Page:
2. Then you will step into GetWindowPosition().
  3. Then into operator new.
  4. And then into your Startup constructor. Yes!
  5. And finally you'll finish with the scoped_ptr constructor if you so choose.

If you've done this a lot you've probably gotten really good at the Step Out shortcut (Shift-F11).

Well, here are two alternatives!

First, while program execution is paused, right-click anywhere in the source window and look for the Step Into Specific item. You can select any of these functions to instantly step inside.

Alternatively, there is a special undocumented (and unsupported) registry key that you can use to specify functions that you always want to skip. Navigate to HKLM\SOFTWARE\Microsoft\VisualStudio\9.0\NativeDE\StepOver (users of a 64-bit variant of Windows will want to check HKLM\SOFTWARE\Wow6432Node\Microsoft\... instead) and add some string values like this example:

Name: 50 (priority, higher values have greater priority)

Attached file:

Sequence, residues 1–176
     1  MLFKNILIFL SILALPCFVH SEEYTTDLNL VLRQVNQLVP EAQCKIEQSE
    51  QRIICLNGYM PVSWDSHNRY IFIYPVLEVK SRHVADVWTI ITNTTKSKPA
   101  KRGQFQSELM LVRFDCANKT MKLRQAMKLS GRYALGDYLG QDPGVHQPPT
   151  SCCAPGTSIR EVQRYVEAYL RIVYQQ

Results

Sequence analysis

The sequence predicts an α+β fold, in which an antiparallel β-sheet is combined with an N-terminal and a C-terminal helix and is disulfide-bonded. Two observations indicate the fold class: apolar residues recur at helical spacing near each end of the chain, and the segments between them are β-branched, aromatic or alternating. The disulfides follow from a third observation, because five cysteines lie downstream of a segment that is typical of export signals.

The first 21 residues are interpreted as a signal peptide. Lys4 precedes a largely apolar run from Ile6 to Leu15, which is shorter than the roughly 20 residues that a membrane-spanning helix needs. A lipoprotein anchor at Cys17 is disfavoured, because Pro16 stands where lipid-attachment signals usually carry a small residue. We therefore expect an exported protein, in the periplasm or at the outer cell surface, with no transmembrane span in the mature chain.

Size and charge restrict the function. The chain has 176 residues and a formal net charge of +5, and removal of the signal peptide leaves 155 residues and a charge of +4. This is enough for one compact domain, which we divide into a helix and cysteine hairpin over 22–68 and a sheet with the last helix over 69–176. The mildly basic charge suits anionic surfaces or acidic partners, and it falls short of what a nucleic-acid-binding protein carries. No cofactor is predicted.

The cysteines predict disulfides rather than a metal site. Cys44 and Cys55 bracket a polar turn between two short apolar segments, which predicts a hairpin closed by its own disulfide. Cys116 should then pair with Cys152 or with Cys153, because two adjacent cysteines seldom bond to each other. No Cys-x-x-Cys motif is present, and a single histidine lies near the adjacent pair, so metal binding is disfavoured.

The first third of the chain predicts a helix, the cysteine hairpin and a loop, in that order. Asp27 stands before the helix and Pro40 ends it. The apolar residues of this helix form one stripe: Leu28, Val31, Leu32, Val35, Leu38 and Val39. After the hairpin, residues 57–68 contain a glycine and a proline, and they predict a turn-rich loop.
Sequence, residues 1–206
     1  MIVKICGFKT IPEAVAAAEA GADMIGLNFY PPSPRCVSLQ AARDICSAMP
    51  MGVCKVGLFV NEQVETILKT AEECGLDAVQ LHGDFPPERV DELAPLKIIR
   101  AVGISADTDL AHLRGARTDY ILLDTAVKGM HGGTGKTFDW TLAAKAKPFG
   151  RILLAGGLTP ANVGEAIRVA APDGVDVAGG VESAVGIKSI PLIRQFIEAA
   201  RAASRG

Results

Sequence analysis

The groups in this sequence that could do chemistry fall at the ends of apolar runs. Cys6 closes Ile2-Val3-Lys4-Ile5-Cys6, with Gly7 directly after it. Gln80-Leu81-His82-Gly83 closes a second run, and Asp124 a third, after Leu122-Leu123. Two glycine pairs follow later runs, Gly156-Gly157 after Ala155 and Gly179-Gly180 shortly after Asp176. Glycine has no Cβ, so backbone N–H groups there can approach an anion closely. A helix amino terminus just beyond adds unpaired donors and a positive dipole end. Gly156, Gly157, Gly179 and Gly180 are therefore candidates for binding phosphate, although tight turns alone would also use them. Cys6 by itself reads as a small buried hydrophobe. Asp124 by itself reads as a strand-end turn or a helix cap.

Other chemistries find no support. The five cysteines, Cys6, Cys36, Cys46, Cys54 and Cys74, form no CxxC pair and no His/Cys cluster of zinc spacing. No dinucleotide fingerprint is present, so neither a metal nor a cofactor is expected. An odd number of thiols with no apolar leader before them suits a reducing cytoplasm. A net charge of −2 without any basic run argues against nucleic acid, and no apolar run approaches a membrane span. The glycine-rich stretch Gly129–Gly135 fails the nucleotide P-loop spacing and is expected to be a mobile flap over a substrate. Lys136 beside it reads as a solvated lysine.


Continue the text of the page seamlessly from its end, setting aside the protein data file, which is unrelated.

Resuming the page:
Value: std\:\:.*=NoStepInto

Name: 60
Value: operator new=NoStepInto

Name: 70
Value: boost\:\:.*=NoStepInto

The backslashes are necessary because : (colon) is a special character in Visual Studio regex. You sometimes see two backslashes used in other examples, this is only necessary if you are directly editing a .reg file (which I don't recommend). These rules will adjust the behaviour of the Step-Into command and make it skip anything from the std or boost namespaces, as well as the basic operator new. It will still step into an overloaded operator new, so don't fear. There are more details on this blog post, as well as microsoft.public.vsnet.debugging.